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The Faulty Television Receiver: A Not Really SF Short Story (Alfred and Bertha's Marvellous Twenty-First Century Life Book 2) by [Buhlert, Cora]
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The Faulty Television Receiver: A Not Really SF Short Story (Alfred and Bertha's Marvellous Twenty-First Century Life Book 2) Kindle Edition

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Length: 28 pages Word Wise: Enabled Enhanced Typesetting: Enabled
Page Flip: Enabled Language: English
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Product description

Product Description

Bertha and Alfred, married for twenty years, enjoy a truly science fictional life in the twenty-first century. But in spite of all the technological marvels surrounding them, a faulty television receiver can still lead to argument and cause them to examine their marriage.

This parodistic piece is a mundane short story of 4100 words, written in the style of science fiction's "golden age" of the 1940s and 1950s.

Product details

  • Format: Kindle Edition
  • File Size: 201 KB
  • Print Length: 28 pages
  • Simultaneous Device Usage: Unlimited
  • Publisher: Pegasus Pulp Publishing; 1 edition (7 July 2015)
  • Sold by: Amazon Australia Services, Inc.
  • Language: English
  • ASIN: B0116LBWJO
  • Text-to-Speech: Enabled
  • X-Ray:
  • Word Wise: Enabled
  • Screen Reader: Supported
  • Enhanced Typesetting: Enabled
  • Average Customer Review: Be the first to review this item
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Most Helpful Customer Reviews on (beta) (May include reviews from Early Reviewer Rewards Program) 5.0 out of 5 stars 1 review
1 of 1 people found the following review helpful
5.0 out of 5 stars As you know, Alfred, this story is as good as the previous one 26 December 2015
By Amazon Customer - Published on
Format: Kindle Edition
This is the second short story in the "Alfred and Bertha's Marvellous Twenty-First Century Life" series, and I'm glad to report that Cora Buhlert did a great job again. She keeps turning the mundane into the bizarre and producing great humor in the process.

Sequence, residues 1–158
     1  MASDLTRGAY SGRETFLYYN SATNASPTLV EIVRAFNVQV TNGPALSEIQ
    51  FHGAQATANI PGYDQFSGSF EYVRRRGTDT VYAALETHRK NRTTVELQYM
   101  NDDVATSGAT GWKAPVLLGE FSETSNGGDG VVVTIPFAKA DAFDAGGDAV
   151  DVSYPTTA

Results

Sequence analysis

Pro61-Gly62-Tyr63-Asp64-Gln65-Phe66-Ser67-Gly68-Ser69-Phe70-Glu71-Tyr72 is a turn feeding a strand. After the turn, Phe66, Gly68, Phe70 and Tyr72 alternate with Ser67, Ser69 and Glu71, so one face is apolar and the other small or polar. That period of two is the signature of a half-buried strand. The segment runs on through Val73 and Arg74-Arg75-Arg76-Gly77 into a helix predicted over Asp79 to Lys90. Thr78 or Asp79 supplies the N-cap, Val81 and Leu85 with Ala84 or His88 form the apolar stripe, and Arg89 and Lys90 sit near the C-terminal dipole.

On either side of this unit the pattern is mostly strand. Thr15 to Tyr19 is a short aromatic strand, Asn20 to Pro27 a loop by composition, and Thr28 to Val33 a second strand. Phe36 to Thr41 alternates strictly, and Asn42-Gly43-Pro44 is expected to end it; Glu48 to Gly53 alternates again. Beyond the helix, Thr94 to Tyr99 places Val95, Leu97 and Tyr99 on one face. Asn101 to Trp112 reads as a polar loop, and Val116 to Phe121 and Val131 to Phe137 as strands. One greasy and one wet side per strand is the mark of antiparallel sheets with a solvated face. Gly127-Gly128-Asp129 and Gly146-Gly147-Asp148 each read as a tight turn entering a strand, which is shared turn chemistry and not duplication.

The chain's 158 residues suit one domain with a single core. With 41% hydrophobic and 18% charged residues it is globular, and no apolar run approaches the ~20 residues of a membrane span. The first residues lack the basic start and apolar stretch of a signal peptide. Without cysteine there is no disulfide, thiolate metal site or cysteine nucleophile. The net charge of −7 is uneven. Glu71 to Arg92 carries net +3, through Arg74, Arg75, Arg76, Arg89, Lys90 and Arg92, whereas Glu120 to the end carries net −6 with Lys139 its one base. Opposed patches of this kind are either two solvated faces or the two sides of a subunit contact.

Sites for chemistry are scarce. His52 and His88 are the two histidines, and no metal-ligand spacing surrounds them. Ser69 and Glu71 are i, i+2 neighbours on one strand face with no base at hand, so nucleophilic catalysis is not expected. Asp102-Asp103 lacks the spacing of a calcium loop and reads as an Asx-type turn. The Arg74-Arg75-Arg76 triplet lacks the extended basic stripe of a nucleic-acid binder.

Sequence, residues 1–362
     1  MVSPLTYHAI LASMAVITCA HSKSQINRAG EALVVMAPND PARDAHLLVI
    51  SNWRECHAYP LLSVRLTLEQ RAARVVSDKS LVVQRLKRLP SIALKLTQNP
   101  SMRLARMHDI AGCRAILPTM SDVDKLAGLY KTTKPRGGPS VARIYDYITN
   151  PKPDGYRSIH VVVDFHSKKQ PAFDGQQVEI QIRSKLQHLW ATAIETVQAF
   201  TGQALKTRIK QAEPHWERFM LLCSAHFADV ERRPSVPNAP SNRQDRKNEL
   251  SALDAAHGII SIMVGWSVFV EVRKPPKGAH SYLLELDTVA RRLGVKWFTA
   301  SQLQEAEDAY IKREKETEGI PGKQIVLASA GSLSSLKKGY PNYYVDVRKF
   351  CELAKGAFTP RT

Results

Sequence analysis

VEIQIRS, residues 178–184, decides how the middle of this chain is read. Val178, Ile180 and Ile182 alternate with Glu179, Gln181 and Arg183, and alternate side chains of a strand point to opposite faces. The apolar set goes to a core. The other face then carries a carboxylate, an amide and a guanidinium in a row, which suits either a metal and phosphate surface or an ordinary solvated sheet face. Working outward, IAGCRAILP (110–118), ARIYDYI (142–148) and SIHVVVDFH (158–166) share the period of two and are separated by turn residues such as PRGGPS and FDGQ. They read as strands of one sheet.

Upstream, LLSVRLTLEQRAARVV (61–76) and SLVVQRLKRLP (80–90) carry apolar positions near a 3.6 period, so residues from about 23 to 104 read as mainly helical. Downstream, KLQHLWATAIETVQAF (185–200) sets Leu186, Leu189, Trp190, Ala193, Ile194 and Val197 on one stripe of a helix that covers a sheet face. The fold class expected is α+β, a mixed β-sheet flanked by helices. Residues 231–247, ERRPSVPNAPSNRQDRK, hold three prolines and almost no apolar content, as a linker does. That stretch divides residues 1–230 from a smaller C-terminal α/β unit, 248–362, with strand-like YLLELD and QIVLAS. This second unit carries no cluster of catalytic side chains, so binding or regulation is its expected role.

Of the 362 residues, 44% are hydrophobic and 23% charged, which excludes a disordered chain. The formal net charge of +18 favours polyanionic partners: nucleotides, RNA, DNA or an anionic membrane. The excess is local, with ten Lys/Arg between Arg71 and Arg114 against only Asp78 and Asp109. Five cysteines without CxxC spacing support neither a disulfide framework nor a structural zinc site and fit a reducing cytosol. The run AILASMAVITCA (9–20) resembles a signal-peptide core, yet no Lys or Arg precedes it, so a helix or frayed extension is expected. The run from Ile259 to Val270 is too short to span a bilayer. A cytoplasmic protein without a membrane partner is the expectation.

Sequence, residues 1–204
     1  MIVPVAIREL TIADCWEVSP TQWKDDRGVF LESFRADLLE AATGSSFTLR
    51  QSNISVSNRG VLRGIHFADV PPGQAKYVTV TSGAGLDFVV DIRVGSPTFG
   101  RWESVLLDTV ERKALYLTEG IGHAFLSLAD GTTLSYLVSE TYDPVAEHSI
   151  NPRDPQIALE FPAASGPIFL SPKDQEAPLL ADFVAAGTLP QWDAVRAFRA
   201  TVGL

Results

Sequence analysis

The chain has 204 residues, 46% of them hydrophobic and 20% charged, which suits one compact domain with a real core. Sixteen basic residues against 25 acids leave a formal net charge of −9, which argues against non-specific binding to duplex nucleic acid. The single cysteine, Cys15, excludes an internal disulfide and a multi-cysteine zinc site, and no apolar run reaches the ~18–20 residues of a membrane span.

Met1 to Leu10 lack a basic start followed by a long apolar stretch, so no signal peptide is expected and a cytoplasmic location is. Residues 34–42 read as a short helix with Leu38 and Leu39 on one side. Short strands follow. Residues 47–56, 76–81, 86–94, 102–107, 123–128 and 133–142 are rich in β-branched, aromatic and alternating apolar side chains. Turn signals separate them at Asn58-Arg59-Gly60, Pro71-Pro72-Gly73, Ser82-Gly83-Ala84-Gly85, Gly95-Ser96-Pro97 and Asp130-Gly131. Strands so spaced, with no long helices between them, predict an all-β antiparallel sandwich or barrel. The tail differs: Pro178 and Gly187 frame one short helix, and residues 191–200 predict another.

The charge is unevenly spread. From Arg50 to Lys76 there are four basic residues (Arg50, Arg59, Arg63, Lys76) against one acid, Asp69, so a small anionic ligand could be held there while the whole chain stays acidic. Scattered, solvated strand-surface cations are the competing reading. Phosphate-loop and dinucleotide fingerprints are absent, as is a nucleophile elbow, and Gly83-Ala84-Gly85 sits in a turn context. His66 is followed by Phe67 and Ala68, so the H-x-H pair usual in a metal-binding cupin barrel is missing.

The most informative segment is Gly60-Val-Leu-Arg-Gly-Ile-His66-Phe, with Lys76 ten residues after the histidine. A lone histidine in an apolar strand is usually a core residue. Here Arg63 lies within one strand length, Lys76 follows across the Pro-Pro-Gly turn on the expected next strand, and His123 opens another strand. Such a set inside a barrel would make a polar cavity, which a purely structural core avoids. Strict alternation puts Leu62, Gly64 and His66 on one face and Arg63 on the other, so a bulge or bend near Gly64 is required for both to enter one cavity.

"The Faulty Television Receiver" is as hilarious as its predecessor, but its structure is a little different. In "The Four and a Half Minute Boiled Egg", we had a lot of set up before we could see any dialogue. In this second story, dialogue kicks in much earlier. For me, both storytelling methods worked equally well.

This story focuses a lot on the characters' rather obnoxious habit of saying "As you know" to each other--and complaining about that while they keep doing it. I strongly dislike that "As you know, Bob" bad writing habit that a lot of authors seem to have, so of course I was delighted to see it thoroughly mocked here.

I also loved the constant repetition of the sentence "alcoholic brew made from the saccharified seeds of the of the Hordeum vulgare plant, flavoured with the female seed cones of the Humulus lupinus plant and fermented due to the addition of the eukaryotic microorganism Saccharomyces carlsbergensis". This is just a small (?) sample of the absurd narration style that makes me like these parodies so much.

Now I'm off to read the third story in this series, because I need more ridiculous descriptions and ludicrous dialogues in my marvellous 21st century life.

[Review cross-posted from Amazon BR, where this short story has been originally purchased.]